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4/3/2013 2:00:00 PM
Great Salt Bay Budget Sees Further Cuts
By Shlomit Auciello

Approximately 90 parents and other residents of the Great Salt Bay Community School District advocated for beloved programs and offered support for their school, when the GSB School Committee presented a draft budget March 27.

Fifty percent of the cost of operating GSB comes from Damariscotta, with Newcastle paying 37 percent and Bremen paying 13 percent.

Those in attendance came from all three towns, as well as Alna, which sends some students to the Great Salt Bay Community School.

Fiscal belt-tightening was evident from the start of the presentation in the GSB gymnasium, when only 25 copies of a March 21 version of the 2013-14 budget proposal was available to those in attendance.

Superintendent Steve Bailey offered a slide presentation containing changes from that version, designed to reflect impacts coming from actions and proposals from the LePage Administration that include a budget curtailment and plans to shift some costs from the state budget to those of municipalities and local school districts.

"We were running a tight budget this year," he said. In spite of that, he said the budget for the coming year would be tighter. "We needed to put the brakes on."

Bailey said he does not expect all the Governor's proposals to be adopted in the final budget that is approved by the Legislature. Gov. Paul LePage has proposed asking districts to pick up one-third of the cost of teacher retirement. Currently the state pays two-thirds and the employee contributes the remainder.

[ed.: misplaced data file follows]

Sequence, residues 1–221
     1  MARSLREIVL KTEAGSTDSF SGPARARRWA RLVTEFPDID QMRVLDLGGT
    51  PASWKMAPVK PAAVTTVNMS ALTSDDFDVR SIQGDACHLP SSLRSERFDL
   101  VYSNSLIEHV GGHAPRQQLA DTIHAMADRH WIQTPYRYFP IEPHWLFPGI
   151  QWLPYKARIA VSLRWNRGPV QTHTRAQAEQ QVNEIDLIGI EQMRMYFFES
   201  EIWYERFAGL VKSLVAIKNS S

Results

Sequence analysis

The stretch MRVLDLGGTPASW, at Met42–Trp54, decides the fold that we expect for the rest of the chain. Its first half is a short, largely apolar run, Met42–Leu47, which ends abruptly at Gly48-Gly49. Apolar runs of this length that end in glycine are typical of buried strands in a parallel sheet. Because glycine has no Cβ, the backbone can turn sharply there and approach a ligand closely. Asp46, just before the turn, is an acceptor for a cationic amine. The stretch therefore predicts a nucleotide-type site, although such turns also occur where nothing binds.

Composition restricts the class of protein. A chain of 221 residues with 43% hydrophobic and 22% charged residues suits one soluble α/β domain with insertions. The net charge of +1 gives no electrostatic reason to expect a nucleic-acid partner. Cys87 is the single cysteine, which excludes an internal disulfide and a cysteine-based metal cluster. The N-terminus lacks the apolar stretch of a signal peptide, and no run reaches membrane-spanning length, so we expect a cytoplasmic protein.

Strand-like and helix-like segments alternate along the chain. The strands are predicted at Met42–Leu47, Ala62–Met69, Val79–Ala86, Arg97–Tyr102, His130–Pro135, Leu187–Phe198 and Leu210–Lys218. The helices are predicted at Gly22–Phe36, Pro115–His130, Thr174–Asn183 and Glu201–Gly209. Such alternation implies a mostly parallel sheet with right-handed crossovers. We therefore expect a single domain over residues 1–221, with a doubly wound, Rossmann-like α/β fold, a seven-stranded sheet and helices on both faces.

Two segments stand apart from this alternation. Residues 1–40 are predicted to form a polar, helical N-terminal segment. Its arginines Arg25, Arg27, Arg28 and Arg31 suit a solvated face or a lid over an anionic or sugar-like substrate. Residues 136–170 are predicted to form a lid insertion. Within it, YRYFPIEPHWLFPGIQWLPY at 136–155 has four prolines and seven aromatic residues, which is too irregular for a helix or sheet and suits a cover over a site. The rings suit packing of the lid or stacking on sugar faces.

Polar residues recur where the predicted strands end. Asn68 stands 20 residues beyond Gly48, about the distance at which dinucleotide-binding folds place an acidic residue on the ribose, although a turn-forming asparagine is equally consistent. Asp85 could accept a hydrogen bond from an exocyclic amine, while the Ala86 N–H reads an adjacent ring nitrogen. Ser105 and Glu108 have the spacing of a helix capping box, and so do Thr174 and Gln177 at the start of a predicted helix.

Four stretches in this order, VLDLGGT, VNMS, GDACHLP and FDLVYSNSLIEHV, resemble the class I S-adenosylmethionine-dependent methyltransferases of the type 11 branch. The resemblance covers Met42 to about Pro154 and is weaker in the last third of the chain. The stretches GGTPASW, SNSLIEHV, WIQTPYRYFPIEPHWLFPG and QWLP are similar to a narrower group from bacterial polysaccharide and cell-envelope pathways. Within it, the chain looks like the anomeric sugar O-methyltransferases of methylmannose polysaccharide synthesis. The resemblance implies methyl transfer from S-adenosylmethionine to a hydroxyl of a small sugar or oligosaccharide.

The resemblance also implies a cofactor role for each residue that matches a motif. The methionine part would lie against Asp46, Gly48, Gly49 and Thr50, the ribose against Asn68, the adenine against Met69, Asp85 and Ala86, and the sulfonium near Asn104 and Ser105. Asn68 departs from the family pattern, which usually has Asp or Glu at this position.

Each third equals 2.65 percent of the employee's annual salary. For 2013-14, the cost to the GSB district would be $70,542.

"From what I've heard, the intent is that the whole two-thirds will eventually be on the district," Bailey said.

Budget pared down to reduce growth
"Our number one concern ... is what is in the best interest of our students?" Bailey said. He said the board understands that its decisions will influence tax rates as well as what takes place in the schools.

Bailey then offered another side presentation that outlined proposals being considered to shrink the budget.

The previous draft of the budget for Great Salt Bay Community School totaled $5.62 million - almost $600,000 more than the 2012-13 budget and an increase of 11.86 percent.

"We knew that was too high," Bailey said. He said the new target was to keep budget growth to 2 percent or less, and that the committee was concerned whether that would be a deep enough cut to gain voter approval.